"Your birthplace?" the receptionist continued drearily.
Zeliha shrugged as if to say, where else could it be? Where else on earth but here? She belonged to this city! Wasn't that visible on her face? After all, Zeliha considered herself a true Istanbulite, and as if to reprimand the receptionist for failing to see such an apparent fact, she turned back on her broken heel and invited herself to the chair next to the head-scarved woman. It was only then that she took notice of the latter's husband, who was sitting still, almost paralyzed with embarrassment. Rather than passing judgment on Zeliha, the man seemed to be wallowing in the discomfort of being the only male here, in such a blatantly feminine zone. For a second Zeliha felt sorry for him. It occurred to her to ask the man to step onto the balcony and have a smoke with her, for she was sure he smoked. But that could be misinterpreted. An unmarried woman could not ask such questions of married men, and a married man would display hostility toward another woman when next to his wife. Why was it difficult to become friends with men? Why did it always have to be like that? Why couldn't you just step out onto the balcony and have a smoke and exchange a few words, and then go your separate ways? Zeliha sat there silently for one long moment, not because she was dog-tired, which she was, or because she was fed up with all the attention, which she was as well, but because she wanted to be next to the open window; she was hungry for the sounds of the street.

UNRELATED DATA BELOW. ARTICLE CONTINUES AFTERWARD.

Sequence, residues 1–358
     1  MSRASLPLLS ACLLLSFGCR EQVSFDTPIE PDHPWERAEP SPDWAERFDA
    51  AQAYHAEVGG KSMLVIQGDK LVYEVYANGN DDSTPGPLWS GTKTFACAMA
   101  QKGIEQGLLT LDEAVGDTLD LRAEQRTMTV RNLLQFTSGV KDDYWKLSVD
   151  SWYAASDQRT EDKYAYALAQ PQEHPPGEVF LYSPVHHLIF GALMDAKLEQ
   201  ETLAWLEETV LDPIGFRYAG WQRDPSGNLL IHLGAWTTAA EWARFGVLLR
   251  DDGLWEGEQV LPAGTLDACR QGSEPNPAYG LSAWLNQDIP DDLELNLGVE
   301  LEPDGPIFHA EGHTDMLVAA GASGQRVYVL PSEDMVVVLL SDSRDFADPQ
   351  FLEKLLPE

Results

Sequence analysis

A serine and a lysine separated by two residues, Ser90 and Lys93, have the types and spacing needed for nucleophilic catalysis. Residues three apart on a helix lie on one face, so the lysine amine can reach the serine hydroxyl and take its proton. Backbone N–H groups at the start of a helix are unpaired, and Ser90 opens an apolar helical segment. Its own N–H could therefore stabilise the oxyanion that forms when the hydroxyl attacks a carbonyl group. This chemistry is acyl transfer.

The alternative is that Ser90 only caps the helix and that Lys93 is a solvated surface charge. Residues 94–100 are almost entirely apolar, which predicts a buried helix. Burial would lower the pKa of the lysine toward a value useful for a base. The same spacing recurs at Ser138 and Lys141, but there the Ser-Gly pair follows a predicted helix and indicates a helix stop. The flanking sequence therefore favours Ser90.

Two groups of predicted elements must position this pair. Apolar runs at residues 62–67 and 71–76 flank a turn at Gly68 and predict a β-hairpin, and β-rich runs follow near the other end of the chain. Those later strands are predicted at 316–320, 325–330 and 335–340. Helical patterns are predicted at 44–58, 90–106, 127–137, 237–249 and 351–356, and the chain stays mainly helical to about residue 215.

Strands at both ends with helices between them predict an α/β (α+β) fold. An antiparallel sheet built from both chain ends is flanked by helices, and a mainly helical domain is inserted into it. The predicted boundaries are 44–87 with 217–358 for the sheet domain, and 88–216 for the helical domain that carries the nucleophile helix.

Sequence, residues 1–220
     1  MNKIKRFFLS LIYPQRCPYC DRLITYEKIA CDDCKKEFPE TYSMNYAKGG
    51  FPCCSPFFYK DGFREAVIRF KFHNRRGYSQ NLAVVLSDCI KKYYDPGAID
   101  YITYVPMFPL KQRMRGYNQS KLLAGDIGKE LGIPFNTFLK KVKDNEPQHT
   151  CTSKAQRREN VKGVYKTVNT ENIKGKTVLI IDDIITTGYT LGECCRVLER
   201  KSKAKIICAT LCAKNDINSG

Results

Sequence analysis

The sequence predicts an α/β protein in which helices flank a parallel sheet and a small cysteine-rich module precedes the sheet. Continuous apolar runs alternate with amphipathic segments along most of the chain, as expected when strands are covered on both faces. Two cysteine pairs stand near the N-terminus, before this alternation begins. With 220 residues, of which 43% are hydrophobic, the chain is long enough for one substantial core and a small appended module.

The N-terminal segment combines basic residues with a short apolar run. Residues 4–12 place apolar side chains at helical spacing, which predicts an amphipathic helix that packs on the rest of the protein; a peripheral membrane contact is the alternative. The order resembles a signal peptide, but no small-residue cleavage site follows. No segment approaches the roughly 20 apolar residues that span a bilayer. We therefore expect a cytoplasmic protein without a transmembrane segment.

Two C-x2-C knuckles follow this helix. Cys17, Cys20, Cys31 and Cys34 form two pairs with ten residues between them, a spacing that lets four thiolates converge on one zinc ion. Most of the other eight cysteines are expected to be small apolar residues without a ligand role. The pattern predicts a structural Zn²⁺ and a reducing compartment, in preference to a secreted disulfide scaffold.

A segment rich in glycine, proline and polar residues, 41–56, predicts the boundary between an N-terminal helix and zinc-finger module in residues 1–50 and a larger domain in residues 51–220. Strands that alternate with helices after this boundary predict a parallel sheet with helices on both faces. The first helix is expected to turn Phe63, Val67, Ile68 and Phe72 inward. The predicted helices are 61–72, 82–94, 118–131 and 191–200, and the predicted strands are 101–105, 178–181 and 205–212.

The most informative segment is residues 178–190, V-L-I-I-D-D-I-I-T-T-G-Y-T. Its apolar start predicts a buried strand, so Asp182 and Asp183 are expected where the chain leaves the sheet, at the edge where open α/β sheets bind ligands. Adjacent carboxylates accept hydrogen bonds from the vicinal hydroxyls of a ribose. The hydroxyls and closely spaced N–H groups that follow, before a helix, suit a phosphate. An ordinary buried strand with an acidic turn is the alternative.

A street vendor's husky voice infiltrated the room: "Tangerines . . . Fragrant, fresh tangerines . . ."
"Good, keep shouting," Zeliha muttered to herself.
She didn't like silence. As a matter of fact, she abhorred silence. It was okay that people stared at her on the street, in the bazaar, at the doctor's waiting room, here and there, day and night; it was all right that they watched and gawked, and eyeballed at length again as if seeing her for the first time. One way or another she could always fight back their gaze. What she could not possibly fight back was their silence.
About the book:
One rainy afternoon in Istanbul, a woman walks into a doctor's surgery. 'I need to have an abortion', she announces. She is nineteen years old and unmarried. What happens that afternoon will change her life. Twenty years later, Asya Kazanci lives with her extended family in Istanbul. Due to a mysterious family curse, all the Kaznci men die in their early forties, so it is a house of women. And when Asya's Armenian-American cousin Armanoush comes to stay, long hidden family secrets connected with Turkey's turbulent past begin to emerge.
Riveting and enthralling, this poignant and whimsical tale teems with the smell, sounds and dreams whizzing around in the streets of Istanbul, with characters so exquisitely crafted they jump off the page and shimmer in front of your eyes.
Excerpt from The Master and Margarita
- Mikhail Bulgakov
Excerpt from Ghachar Ghochar
- Vivek Shanbhag